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**Abstract Algebra: Relations; Find a relation that is symmetric, etc**

## Homework Statement

Find a relation that is symmetric and transitive but not reflexive.

## Homework Equations

None, other than my chosen condition on the relation, namely: xy > |x + y|.

## The Attempt at a Solution

I'm sure this is on here every semester, but if possible I'd like some feedback on my attempt. This is a product relation in Z x Z.

Call the set O.

O = {(x,y)∈ Z

^{2}: xy > |x + y|}

**Symmetric:**

Since in the integers xy = yx and |x + y| = |y + x|, (y,x)∈ O (it is symmetric).

**Transitive:**

This means, if (a,b)∈ O and (b,c)∈ O then (a,c)∈ O, that is, if ab > |a + b| and bc > |b + c|, then ac > |a + c|.

First of all, none of a, b or c can be zero, otherwise somewhere along here you'd have 0 > a positive number, because the absolute values are taken.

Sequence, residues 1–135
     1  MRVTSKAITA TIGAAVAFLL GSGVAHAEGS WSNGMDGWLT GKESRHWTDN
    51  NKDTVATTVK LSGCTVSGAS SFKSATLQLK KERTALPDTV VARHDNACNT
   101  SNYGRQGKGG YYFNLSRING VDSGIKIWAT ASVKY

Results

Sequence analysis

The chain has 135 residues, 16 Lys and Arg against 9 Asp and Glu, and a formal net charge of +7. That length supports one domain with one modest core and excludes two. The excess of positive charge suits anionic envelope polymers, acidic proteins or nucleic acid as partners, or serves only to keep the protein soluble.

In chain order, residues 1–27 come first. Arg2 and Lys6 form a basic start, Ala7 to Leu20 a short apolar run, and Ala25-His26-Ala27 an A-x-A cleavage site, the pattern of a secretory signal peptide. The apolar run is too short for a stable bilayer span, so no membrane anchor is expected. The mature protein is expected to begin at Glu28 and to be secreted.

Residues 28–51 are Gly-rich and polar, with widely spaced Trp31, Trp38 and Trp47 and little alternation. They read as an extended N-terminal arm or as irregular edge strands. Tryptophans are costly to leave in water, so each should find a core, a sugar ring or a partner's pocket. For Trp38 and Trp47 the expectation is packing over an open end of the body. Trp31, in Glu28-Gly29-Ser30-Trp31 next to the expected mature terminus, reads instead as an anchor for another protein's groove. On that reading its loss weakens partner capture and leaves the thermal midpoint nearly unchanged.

Second, either a AND b are positive or a AND b are negative, or you'd get a negative number > a positive number.

In the first case, if a and b are positive, then by the assumption that bc > |b + c|, c has to be positive. In that case, it is true that ac > |a + c| (if a were 1 and c were 2 this would be false, but we're already assuming that ab > |a + b| and bc > |b+ c|).

**HOWEVER, I'm not exactly clear on how I would give a good reason for the above.**

The similar reasoning is done if a and b are negative. The relation seems to be

**transitive**. I need a little help in demonstrating this, assuming I'm right.

**Reflexive:**

It is NOT reflexive for the following reason: (1,1)∉ O. (1)(1) = 1, but |1 + 1| = 2, and 1 > 2 is nonsense.

What do you think? Thanks for any help.

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